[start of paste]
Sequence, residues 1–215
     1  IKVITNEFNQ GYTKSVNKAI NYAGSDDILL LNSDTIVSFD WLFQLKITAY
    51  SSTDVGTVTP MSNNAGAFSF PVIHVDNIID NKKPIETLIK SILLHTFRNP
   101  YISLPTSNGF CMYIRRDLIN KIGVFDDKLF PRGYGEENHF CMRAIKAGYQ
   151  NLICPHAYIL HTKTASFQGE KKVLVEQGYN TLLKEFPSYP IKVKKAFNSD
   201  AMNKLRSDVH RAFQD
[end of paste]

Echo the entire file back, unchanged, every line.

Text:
Sequence, residues 1–215
     1  IKVITNEFNQ GYTKSVNKAI NYAGSDDILL LNSDTIVSFD WLFQLKITAY
    51  SSTDVGTVTP MSNNAGAFSF PVIHVDNIID NKKPIETLIK SILLHTFRNP
   101  YISLPTSNGF CMYIRRDLIN KIGVFDDKLF PRGYGEENHF CMRAIKAGYQ
   151  NLICPHAYIL HTKTASFQGE KKVLVEQGYN TLLKEFPSYP IKVKKAFNSD
   201  AMNKLRSDVH RAFQD